'Art mall' opens, but none of the works are for sale
It is the new home for more than 100 shops selling a range of goods and more than 20 restaurants serving a variety of international cuisines. But there is one thing this shopping arcade, branded 'the world's first art mall', does not sell - art.
K11 opened yesterday on the bottom six floors of The Masterpiece in Hanoi Road, Tsim Sha Tsui, a HK$3 billion project jointly developed by New World Development and the Urban Renewal Authority (URA). One of The Masterpiece's flats was sold for more than HK$30,000 per square foot in September.
The mall features a HK$20 million permanent collection of 13 works by local artists, as well as an exhibition called Hiking Arte, showcasing more than 20 pieces including installations, photographs and paintings by eight artists in eye-catching spots.
But none of the pieces is for sale. And there are no galleries selling art, either. During a press tour yesterday, the first thing introduced to journalists was not the art pieces exhibited in the 340,000 sq ft floor space; they were shown the shop window of jewellery store Chow Tai Fook.
When asked why K11 called itself an art mall, why it had no art galleries and how it differentiated itself from other shopping malls such as Times Square or Langham Place, which have been commissioning local artists, neither K11's marketing department nor public relations agency returned calls.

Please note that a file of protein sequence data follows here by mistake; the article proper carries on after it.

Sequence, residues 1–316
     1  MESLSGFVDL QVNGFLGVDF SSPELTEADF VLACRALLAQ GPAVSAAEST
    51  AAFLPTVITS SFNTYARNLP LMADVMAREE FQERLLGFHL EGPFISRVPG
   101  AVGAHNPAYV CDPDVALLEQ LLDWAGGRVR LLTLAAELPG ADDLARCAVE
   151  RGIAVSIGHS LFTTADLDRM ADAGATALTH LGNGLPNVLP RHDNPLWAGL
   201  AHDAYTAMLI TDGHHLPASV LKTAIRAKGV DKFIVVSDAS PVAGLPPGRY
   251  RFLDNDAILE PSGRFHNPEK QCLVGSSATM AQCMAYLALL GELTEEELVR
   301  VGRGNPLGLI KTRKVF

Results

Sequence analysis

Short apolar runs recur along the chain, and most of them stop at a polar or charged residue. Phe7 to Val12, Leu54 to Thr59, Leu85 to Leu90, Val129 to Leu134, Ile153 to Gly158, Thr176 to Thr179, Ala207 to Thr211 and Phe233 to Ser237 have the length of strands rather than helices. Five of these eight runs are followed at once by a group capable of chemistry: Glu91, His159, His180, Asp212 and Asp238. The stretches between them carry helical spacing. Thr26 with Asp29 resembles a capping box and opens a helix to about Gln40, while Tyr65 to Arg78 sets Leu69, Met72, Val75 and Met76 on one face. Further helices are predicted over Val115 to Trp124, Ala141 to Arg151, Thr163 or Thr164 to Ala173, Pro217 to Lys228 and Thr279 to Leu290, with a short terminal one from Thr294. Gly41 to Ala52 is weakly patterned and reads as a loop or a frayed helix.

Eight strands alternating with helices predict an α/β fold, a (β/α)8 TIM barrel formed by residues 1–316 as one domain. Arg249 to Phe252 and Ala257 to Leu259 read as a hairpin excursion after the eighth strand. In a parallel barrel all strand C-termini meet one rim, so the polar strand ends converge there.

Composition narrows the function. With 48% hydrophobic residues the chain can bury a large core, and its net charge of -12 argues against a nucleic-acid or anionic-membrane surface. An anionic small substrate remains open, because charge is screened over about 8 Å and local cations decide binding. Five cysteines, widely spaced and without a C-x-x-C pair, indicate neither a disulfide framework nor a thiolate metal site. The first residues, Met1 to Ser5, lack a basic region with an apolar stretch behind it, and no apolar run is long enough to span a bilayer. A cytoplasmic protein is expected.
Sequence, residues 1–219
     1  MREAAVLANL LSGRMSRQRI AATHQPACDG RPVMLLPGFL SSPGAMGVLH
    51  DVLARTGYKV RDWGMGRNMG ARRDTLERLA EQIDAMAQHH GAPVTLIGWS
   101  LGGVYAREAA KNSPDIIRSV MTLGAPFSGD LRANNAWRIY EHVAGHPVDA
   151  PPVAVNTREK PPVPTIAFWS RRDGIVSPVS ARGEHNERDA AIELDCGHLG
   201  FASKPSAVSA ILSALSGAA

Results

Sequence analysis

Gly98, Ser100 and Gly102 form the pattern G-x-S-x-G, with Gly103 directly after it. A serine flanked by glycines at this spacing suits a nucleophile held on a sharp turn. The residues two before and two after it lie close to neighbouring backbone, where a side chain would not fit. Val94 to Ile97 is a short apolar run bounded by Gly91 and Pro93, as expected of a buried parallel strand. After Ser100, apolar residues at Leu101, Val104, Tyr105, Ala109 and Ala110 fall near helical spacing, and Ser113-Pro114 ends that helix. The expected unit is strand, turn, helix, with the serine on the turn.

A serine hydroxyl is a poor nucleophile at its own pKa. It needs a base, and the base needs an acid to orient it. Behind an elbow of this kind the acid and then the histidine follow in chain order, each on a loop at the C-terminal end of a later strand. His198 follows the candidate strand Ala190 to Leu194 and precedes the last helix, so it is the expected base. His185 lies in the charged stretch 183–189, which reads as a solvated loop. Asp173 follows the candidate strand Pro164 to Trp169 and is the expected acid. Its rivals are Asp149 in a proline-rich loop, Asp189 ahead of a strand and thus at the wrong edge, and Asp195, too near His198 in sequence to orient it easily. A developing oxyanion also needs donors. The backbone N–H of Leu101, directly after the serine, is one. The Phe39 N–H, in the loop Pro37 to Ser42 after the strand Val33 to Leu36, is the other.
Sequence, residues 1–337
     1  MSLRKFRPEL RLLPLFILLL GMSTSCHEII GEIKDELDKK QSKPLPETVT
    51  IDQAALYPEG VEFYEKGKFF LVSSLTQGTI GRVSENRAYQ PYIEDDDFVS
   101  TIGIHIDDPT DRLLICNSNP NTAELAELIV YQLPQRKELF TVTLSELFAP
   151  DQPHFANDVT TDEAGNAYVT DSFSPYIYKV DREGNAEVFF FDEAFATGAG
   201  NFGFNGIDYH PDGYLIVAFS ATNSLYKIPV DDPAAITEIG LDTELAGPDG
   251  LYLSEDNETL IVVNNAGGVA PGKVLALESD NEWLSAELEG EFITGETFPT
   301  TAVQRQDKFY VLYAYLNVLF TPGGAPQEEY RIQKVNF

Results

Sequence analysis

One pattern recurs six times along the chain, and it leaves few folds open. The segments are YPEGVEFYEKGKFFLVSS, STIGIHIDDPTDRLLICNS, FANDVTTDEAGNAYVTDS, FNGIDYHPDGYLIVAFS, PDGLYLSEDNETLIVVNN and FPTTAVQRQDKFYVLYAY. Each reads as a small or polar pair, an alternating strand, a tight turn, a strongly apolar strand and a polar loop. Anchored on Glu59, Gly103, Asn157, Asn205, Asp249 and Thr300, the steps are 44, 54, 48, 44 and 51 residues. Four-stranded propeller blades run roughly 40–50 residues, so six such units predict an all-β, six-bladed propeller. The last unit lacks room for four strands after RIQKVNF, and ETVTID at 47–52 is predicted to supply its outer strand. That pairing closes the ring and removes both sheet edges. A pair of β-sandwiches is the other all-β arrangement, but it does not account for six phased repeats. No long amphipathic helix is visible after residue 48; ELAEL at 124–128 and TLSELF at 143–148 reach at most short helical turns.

A URA spokesman said the authority was only responsible for acquiring the land and monitoring property sales; New World Development was in charge of the mall's development and marketing. He said the authority imposed no restrictions on how much space was for art.
'However, we are planning to make use of the locations co-developed with our joint-venture partners, such as Langham Place and New Millennium Plaza, to promote the local art scene. We are still exploring the details but we are planning for events taking place during the first quarter of next year,' the spokesman said.
Nevertheless, artists exhibiting at K11 still have big ambitions for the future and hope the mall can live up to its reputation in the long run.
Man Fung-yi, whose sculptures are among the permanent collection, appreciated the mall's focus on the local art scene and the developer's dedication to art.
She believed that a greater variety of stores, such as more arts- and culture-related stores, would be possible in the mall eventually.
Renowned young painter Lam Tung-pang, who has four pieces exhibiting on the mall's top level, said it was a good start for a mall focusing on Hong Kong art.
He said he enjoyed working with the mall through a curator, which was a system different from that adopted by other malls.
'This is definitely a new trend,' Lam said, adding that the government was showing increasing support for arts and culture. He also hoped for a fine-tuning of tenant mix in future, such as more shops devoted to arts and culture.